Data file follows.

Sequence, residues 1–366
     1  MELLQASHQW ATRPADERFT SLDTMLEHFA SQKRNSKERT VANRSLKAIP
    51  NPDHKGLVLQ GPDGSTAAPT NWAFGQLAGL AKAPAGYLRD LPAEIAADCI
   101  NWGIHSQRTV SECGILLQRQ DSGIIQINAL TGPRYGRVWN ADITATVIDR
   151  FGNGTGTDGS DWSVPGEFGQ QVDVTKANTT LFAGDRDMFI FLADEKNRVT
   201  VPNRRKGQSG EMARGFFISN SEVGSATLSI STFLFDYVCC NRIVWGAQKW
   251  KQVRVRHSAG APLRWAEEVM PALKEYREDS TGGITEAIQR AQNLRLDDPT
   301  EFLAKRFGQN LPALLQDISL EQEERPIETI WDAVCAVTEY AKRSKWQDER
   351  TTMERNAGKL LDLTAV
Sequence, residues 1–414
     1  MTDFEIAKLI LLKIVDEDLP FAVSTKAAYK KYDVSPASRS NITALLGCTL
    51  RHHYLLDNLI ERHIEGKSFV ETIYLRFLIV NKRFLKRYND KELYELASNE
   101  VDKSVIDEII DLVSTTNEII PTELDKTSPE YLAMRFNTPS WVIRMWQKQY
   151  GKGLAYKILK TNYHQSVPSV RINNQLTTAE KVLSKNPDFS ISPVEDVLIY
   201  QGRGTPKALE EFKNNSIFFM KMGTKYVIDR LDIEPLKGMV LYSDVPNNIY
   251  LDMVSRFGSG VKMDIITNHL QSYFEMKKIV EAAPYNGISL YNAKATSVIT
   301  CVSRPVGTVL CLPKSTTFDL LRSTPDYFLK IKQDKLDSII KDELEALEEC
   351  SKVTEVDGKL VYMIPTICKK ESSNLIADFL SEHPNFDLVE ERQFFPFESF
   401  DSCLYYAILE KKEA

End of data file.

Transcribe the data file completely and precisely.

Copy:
Sequence, residues 1–366
     1  MELLQASHQW ATRPADERFT SLDTMLEHFA SQKRNSKERT VANRSLKAIP
    51  NPDHKGLVLQ GPDGSTAAPT NWAFGQLAGL AKAPAGYLRD LPAEIAADCI
   101  NWGIHSQRTV SECGILLQRQ DSGIIQINAL TGPRYGRVWN ADITATVIDR
   151  FGNGTGTDGS DWSVPGEFGQ QVDVTKANTT LFAGDRDMFI FLADEKNRVT
   201  VPNRRKGQSG EMARGFFISN SEVGSATLSI STFLFDYVCC NRIVWGAQKW
   251  KQVRVRHSAG APLRWAEEVM PALKEYREDS TGGITEAIQR AQNLRLDDPT
   301  EFLAKRFGQN LPALLQDISL EQEERPIETI WDAVCAVTEY AKRSKWQDER
   351  TTMERNAGKL LDLTAV
Sequence, residues 1–414
     1  MTDFEIAKLI LLKIVDEDLP FAVSTKAAYK KYDVSPASRS NITALLGCTL
    51  RHHYLLDNLI ERHIEGKSFV ETIYLRFLIV NKRFLKRYND KELYELASNE
   101  VDKSVIDEII DLVSTTNEII PTELDKTSPE YLAMRFNTPS WVIRMWQKQY
   151  GKGLAYKILK TNYHQSVPSV RINNQLTTAE KVLSKNPDFS ISPVEDVLIY
   201  QGRGTPKALE EFKNNSIFFM KMGTKYVIDR LDIEPLKGMV LYSDVPNNIY
   251  LDMVSRFGSG VKMDIITNHL QSYFEMKKIV EAAPYNGISL YNAKATSVIT
   301  CVSRPVGTVL CLPKSTTFDL LRSTPDYFLK IKQDKLDSII KDELEALEEC
   351  SKVTEVDGKL VYMIPTICKK ESSNLIADFL SEHPNFDLVE ERQFFPFESF
   401  DSCLYYAILE KKEA